By Hans Morgenstern
By Stephanie Zacharek
By Alan Scherstuhl
By Amy Nicholson
By Alan Scherstuhl
By Stephanie Zacharek
By Amy Nicholson
By Abby Garnett
Thank God for John Waters.
Box-office returns and market demographics have always driven Hollywood, yet residents of the self-deluding little colony still call themselves artists and make a grand show of patting themselves on the back on those exceedingly rare occasions when their handiwork offers more than just escapist entertainment for thirteen-year-old males. To make matters worse, the Academy Awards's being dominated by Schindler's List and Philadelphia confirms that Tinseltown has succumbed to the dreaded PC virus. Political correctness is a creeping, devious malaise, a plague that, like AIDS, has infected a disproportionate number of creative types (calling studio executives creative may be a stretch, but it's fair to say they like to think of themselves that way).
The time is ripe for a new hero, a man (that's right, a man, dammit!) from outside the nepotistic Southern California enclave who cares not one whit about power lunches, mineral water, or product licensing. A man whose indifference toward his colleagues' opinion renders him immune to their corrupting influence. A man with a vision all his own and the stubborn irascibility to stand by it when the temptation to sell out and collect the big paycheck must be nearly overwhelming.
Enter the bard of Baltimore. John Waters not only doesn't finance his films by prominently featuring name-brand products in exchange for endorsement money, his renown is such that many companies refused to allow him to use their products in his caustic, campy latest release, Serial Mom, for free. How many other filmmakers can make that statement? In spite of the fact that Waters's two previous films, 1988's Hairspray and 1990's Cry-Baby, reached a wider audience than any of the pencil-thin-mustachioed director's first nine, you couldn't call them mainstream. They were tamer than expected, a tad less anarchic and excessive, and a lot less gross. But they were still unmistakably John Waters films.
Serial Mom reconfirms Waters as a true American original, a maverick auteur with a singular vision as distinctive and non-Hollywood as that of any American director this side of Robert Altman. In fact, in its willingness to peel back the layers of hypocrisy shrouding middle-class values, to probe beneath the slick bourgeois veneer and zero in on the barely repressed inner demons and the skeletons in the closets of the color-coordinated, trim-lawned, aluminum-sided, two-car-garaged homesteads, Serial Mom skewers sleepy stateside suburban values as expertly in its own way as Altman's Short Cuts. But where Altman's target was Southern California, which is almost cheating because it is such obviously fertile ground for satire, Waters trains his sights squarely on middle America. The results are devastating.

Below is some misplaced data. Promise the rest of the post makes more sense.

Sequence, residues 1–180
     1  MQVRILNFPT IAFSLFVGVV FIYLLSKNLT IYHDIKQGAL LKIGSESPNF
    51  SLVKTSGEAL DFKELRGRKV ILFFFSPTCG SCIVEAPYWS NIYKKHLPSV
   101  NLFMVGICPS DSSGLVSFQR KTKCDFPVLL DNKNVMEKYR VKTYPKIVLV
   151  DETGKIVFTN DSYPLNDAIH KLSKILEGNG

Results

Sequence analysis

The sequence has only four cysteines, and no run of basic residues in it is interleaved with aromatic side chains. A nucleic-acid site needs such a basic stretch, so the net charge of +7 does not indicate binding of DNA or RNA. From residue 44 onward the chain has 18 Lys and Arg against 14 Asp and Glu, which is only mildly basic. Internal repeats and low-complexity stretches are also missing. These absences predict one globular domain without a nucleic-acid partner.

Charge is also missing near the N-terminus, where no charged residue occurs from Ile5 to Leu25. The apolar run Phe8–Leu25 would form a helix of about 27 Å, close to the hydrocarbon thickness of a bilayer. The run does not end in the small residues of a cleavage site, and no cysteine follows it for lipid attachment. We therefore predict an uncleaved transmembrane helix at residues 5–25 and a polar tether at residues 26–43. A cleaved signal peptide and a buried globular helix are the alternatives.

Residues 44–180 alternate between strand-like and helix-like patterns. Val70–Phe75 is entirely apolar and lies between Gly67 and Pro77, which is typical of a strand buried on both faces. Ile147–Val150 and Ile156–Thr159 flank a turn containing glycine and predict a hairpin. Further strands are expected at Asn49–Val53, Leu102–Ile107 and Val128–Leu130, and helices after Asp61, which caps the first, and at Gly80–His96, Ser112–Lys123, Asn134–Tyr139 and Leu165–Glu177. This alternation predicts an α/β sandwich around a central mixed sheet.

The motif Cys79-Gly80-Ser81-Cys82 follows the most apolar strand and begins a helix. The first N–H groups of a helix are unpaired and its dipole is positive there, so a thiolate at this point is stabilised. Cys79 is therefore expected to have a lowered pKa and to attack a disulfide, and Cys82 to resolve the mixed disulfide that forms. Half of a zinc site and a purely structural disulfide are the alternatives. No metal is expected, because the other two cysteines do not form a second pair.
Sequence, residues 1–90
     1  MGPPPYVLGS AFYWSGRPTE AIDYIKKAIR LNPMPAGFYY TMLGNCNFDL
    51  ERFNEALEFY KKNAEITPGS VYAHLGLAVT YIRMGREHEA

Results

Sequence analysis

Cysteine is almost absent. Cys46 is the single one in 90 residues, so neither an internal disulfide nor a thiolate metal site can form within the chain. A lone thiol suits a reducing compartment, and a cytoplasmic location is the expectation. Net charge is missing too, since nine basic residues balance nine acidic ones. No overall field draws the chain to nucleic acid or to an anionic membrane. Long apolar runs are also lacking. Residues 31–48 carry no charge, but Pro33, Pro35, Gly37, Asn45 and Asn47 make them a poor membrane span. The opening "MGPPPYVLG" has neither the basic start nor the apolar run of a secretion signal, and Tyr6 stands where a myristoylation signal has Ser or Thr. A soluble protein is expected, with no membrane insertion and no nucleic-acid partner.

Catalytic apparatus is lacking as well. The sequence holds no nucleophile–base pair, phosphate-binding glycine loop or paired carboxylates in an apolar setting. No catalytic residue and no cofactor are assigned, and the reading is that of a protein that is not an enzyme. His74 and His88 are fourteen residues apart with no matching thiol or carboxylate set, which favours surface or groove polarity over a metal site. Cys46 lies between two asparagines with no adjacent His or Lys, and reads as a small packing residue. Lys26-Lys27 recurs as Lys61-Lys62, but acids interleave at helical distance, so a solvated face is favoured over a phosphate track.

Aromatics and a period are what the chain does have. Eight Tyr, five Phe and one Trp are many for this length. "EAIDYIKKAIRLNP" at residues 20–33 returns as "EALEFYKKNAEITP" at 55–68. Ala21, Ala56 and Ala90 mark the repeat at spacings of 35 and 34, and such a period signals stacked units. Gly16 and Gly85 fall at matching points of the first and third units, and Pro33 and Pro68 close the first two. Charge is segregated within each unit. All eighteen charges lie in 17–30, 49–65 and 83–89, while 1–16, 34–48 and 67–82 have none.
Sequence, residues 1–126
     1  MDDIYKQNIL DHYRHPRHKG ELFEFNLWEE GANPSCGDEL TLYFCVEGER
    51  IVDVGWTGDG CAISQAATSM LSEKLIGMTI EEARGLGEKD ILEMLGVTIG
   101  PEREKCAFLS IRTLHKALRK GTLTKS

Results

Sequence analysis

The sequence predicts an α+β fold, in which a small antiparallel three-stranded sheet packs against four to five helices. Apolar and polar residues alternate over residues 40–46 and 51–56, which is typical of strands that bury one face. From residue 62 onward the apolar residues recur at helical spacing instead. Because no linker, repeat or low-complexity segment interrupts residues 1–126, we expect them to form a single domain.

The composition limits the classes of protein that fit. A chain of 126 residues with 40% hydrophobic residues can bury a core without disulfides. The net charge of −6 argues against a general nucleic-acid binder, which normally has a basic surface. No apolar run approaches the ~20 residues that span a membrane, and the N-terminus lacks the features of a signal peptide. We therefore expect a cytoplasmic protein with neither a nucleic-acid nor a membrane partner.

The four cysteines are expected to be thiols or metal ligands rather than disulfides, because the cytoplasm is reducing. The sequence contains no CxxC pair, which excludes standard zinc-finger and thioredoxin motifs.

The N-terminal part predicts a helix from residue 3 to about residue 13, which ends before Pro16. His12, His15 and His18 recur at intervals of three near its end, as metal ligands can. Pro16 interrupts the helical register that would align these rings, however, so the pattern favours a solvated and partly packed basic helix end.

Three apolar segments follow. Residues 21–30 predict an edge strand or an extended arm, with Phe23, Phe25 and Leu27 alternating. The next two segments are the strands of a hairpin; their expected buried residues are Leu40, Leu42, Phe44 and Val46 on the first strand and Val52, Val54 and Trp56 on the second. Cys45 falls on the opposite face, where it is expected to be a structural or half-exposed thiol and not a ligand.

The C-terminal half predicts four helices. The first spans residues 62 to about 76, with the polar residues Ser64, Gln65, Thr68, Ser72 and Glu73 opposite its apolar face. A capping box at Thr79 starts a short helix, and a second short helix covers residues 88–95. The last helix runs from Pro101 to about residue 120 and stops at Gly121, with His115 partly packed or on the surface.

Waters has been grosser (the legendary shot of Divine gagging on a bite of fresh dog shit in 1972's Pink Flamingos, filmed in one long take so that there could be no doubts as to the authenticity of the cuisine, is still his high/low point) but he's never been funnier. It doesn't hurt any that Kathleen Turner, who plays Beverly Sutphin, the homicidal homemaker of the title, displays a flair for camp. Turner, the first real star to grace a Waters picture as well as his first leading lady since Divine's death, takes the venomous housewife from The War of the Roses, redirects her hostilities from her doting husband to anyone who disparages her family, and adds a healthy dose of dementia. One minute she's behaving like a Cleaver (June), the next minute she's wielding one (meat).
The plot is about as simple as they come. The Sutphins -- Beverly and husband Eugene, a prosperous dentist, share a lovely home in an idyllic upper-middle-class neighborhood with their two teenagers, flirtatious daughter Misty and gore-movie aficionado Chip A appear to be living the American dream. Beverly is the perfect Stepford mom. When Chip says "shit" at the breakfast table, mama chastises, "You know how I hate the brown word." She keeps the household running like a well-oiled machine, but there's something vaguely unsettling about the way she relishes tracking down and swatting a fly that has invaded her kitchen, or savors a particularly repulsive scene from a video her son is watching. As it turns out, Mrs. Sutphin has quite a mean streak. Little things set her off -- chewing gum, not wearing seat belts, refusing to recycle, failing to rewind videotapes. And when someone puts down a member of her family, Beverly Sutphin gets really mad, and the corpses start piling up.
Mrs. Sutphin becomes the avenging angel of political correctness (as well as the device by which Waters sends it up), and her capture and trial give the director a chance to take aim at the media and the cult of tabloid journalism, where the more heinous and sensational the crime, the more quickly and enthusiastically the agents and producers try to sew up the TV rights. Waters, a director who has played his share of scenes for maximum shock value, is the perfect man to explore the whole sick phenomenon. In an era when serial killers become instant celebrities, who better to mine the irony for both comedy and insight than the filmmaker who was once arrested for "conspiracy to commit indecent exposure" while making a movie called Mondo Trasho?
It's the perfect marriage of man and material. Like Spain's Pedro Almod centsvar, Waters is an auteur with a willingness A no, a compulsion A to pick the scab, to peek behind the curtain, to stare at the gory accident, to challenge the hallowed institution, to ask the tasteless question. And to make us laugh at what he sees, albeit nervously. We need him.
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